An enthusiastic start to 2018 for global stock markets quickly faded as anxiety over the pace of rate hikes from the US Federal Reserve triggered a sharp rise in bond yields and was a key driver for an early year equity market correction across major markets. Amidst the uncertainty of trade wars, geopolitical uncertainty, particularly across Europe, and a stronger US dollar, US equities led the rest of the world for the most part, with impressive gains in particular coming from mega-cap technology stocks. Intense bouts of risk aversion in October and December resulted in one of the worst quarters for global stock markets since 2011, pulling most risk assets into negative territory for 2018. Fears of a near term recession on the back of quantitative tightening in the US, disappointing economic data out of Europe, a weaker Chinese economy and geopolitical risks such as Brexit, Italy and the ongoing trade conflict between the US and China weighted heavily on market sentiment. The end result was a return of -10.3% for UK equity markets, as measured by the FTSE UK All Share Index, taking the 1-year return to -9.5%. Government bonds were again the beneficiaries of increased risk aversion, with global bond yields compressing over the final quarter. The UK government bond market, as measured by the BofAML UK Gilt All Stock Index, rose 1.9% over the quarter although only ended the year up 0.5%. Non-government debt underperformed, particularly in the high yield market where the energy sector reacted negatively to the sharp drop in the oil price. Falling energy prices were also a major driver behind the poor showing from commodities over both the quarter and year, with the broad Bloomberg Commodities index down 11.2% for 2018.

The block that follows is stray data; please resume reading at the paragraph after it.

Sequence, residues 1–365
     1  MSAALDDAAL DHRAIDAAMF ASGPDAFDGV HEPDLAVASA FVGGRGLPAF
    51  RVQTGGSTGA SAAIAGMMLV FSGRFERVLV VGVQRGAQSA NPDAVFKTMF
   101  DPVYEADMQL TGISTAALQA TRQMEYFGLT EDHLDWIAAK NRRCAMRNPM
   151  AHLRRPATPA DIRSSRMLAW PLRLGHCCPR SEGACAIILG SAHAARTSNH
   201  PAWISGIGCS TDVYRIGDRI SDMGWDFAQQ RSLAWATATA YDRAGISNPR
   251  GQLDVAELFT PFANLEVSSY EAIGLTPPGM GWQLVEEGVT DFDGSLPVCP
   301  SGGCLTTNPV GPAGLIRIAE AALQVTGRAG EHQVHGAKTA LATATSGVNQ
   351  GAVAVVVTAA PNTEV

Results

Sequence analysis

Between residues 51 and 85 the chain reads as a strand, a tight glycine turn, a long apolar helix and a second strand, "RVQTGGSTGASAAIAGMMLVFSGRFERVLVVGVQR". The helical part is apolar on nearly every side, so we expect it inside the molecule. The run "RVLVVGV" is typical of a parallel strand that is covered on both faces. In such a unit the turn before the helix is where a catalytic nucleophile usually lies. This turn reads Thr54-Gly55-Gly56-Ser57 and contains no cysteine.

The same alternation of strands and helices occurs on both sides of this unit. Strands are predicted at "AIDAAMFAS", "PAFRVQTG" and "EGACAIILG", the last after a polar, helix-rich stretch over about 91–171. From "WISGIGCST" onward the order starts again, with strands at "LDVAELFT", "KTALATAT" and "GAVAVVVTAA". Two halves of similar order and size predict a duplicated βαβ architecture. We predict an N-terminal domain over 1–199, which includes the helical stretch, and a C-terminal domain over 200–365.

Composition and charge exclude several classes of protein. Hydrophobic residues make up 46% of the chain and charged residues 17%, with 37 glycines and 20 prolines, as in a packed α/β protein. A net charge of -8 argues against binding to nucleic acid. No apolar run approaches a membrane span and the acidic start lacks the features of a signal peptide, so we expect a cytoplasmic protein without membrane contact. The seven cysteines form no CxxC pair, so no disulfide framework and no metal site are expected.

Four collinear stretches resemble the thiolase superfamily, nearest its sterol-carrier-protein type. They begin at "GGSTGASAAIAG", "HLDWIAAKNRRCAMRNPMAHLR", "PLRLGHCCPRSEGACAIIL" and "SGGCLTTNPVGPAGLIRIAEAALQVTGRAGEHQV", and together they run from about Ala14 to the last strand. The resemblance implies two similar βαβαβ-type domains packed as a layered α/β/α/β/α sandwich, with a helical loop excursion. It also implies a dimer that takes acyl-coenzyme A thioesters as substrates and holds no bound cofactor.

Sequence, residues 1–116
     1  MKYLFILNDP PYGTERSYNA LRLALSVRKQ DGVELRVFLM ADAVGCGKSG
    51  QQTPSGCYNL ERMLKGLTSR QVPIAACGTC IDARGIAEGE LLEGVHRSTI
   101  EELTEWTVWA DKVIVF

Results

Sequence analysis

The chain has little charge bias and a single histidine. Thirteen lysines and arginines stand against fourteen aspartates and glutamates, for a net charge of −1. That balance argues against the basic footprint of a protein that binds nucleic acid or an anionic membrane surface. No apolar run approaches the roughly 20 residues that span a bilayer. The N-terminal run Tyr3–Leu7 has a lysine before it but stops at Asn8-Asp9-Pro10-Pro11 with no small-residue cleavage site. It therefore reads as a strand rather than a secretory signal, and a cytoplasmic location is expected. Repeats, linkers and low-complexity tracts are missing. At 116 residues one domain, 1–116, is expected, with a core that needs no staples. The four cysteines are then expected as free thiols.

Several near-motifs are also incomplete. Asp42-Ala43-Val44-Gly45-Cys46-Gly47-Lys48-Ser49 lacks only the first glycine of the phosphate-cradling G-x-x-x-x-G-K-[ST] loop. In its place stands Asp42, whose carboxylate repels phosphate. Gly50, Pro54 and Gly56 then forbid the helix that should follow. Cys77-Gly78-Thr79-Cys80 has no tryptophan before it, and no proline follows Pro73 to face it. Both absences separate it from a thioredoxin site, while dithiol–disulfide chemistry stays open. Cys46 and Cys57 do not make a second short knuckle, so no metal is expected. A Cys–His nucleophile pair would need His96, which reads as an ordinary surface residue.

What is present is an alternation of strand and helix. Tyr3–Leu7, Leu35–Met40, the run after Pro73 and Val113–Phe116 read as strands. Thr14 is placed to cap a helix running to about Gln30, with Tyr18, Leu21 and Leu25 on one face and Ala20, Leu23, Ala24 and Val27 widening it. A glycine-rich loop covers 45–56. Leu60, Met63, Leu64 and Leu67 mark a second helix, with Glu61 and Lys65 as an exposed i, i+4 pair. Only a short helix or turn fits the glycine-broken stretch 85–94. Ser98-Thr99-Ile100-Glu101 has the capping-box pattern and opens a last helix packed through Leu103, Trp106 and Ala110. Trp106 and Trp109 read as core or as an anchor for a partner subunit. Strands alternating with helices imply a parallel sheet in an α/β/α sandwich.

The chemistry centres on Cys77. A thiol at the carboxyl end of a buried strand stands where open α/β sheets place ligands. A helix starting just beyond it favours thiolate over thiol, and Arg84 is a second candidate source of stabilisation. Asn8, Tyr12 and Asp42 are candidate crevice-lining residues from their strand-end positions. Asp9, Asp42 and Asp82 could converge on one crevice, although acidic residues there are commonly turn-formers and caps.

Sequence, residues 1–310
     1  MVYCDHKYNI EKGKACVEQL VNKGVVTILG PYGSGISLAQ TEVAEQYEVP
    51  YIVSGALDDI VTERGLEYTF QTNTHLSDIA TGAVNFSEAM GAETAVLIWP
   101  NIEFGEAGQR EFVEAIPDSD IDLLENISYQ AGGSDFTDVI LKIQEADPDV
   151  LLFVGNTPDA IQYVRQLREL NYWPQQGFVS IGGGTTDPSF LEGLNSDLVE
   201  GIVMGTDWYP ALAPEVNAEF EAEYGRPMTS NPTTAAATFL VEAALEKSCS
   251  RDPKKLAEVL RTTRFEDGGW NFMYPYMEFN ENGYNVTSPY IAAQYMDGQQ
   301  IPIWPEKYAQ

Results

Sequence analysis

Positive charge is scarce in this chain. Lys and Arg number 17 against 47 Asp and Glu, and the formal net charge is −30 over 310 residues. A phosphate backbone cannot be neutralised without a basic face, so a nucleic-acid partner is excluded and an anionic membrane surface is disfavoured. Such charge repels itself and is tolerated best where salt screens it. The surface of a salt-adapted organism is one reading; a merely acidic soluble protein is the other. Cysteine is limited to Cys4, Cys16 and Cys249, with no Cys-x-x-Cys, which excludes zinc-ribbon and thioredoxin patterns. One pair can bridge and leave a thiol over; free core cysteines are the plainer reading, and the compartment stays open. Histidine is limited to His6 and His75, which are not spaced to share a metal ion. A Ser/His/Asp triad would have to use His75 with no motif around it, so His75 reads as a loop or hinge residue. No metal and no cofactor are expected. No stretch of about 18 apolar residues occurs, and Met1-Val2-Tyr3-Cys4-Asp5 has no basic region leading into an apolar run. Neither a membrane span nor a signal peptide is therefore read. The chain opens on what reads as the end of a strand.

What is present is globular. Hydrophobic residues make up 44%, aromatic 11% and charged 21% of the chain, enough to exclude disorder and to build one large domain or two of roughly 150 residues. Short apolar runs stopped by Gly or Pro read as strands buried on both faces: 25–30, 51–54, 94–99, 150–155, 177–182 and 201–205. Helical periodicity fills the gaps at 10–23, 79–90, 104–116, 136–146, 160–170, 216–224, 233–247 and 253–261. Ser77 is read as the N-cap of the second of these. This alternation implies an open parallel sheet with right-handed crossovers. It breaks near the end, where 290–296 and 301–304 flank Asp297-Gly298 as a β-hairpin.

Portfolio positioning

The stability-focused funds delivered returns of between -0.8% and -3.6% for the fourth quarter, taking the 2018 performance to between -1.4% and -3.1%. The use of Global Managed Volatility within the equity components of these strategies provided a degree of protection against the worst of the equity market falls, but that, in combination with only marginally positive returns fixed income strategies, were insufficient to offset the sharp falls seen in equity markets. The growth-focused funds delivered returns of between -6.1% and -11.9% for the final quarter, bringing their calendar year performance to -5.6% and -9.2%. The poor performance of equity markets across the board dominated the funds’ overall outcomes for both the quarter and the year. Our funds have also strongly favoured Value, and to a lesser degree Momentum, over the course of the year and both styles were challenged in the recent risk-off investment climate. During the quarter, we undertook a number of changes, mostly in relation to the underlying investment managers utilised in the strategies.

Economic outlook

The severity of the recent declines in equities can certainly prey on investors’ emotions. Yet we expect to see continued global economic expansion in 2019, albeit at a moderating pace, and regard valuations across most markets as more attractive. The sheer ferocity of the recent correction is reminiscent of other times in the past eight years when risk assets sold down hard, only to turn around and hit new highs. As painful as the past three months and the past year has been for risk assets, the gyrations experienced have not been outside the norm. Rather, given our views that the global economy will continue to grow and that market participants are overreacting to the concerns of the day, we see another important risk-on opportunity developing in equities and other risk assets.